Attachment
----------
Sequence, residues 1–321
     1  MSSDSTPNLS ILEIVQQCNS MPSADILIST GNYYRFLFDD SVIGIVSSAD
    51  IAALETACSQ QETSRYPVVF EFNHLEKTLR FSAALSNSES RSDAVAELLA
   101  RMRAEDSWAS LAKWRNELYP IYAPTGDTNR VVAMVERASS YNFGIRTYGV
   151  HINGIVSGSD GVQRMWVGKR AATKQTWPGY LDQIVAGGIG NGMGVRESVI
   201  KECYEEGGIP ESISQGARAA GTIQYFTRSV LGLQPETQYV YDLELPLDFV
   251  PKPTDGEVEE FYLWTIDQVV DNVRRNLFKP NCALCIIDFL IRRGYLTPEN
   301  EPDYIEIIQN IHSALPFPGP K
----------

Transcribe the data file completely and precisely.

Sequence, residues 1–321
     1  MSSDSTPNLS ILEIVQQCNS MPSADILIST GNYYRFLFDD SVIGIVSSAD
    51  IAALETACSQ QETSRYPVVF EFNHLEKTLR FSAALSNSES RSDAVAELLA
   101  RMRAEDSWAS LAKWRNELYP IYAPTGDTNR VVAMVERASS YNFGIRTYGV
   151  HINGIVSGSD GVQRMWVGKR AATKQTWPGY LDQIVAGGIG NGMGVRESVI
   201  KECYEEGGIP ESISQGARAA GTIQYFTRSV LGLQPETQYV YDLELPLDFV
   251  PKPTDGEVEE FYLWTIDQVV DNVRRNLFKP NCALCIIDFL IRRGYLTPEN
   301  EPDYIEIIQN IHSALPFPGP K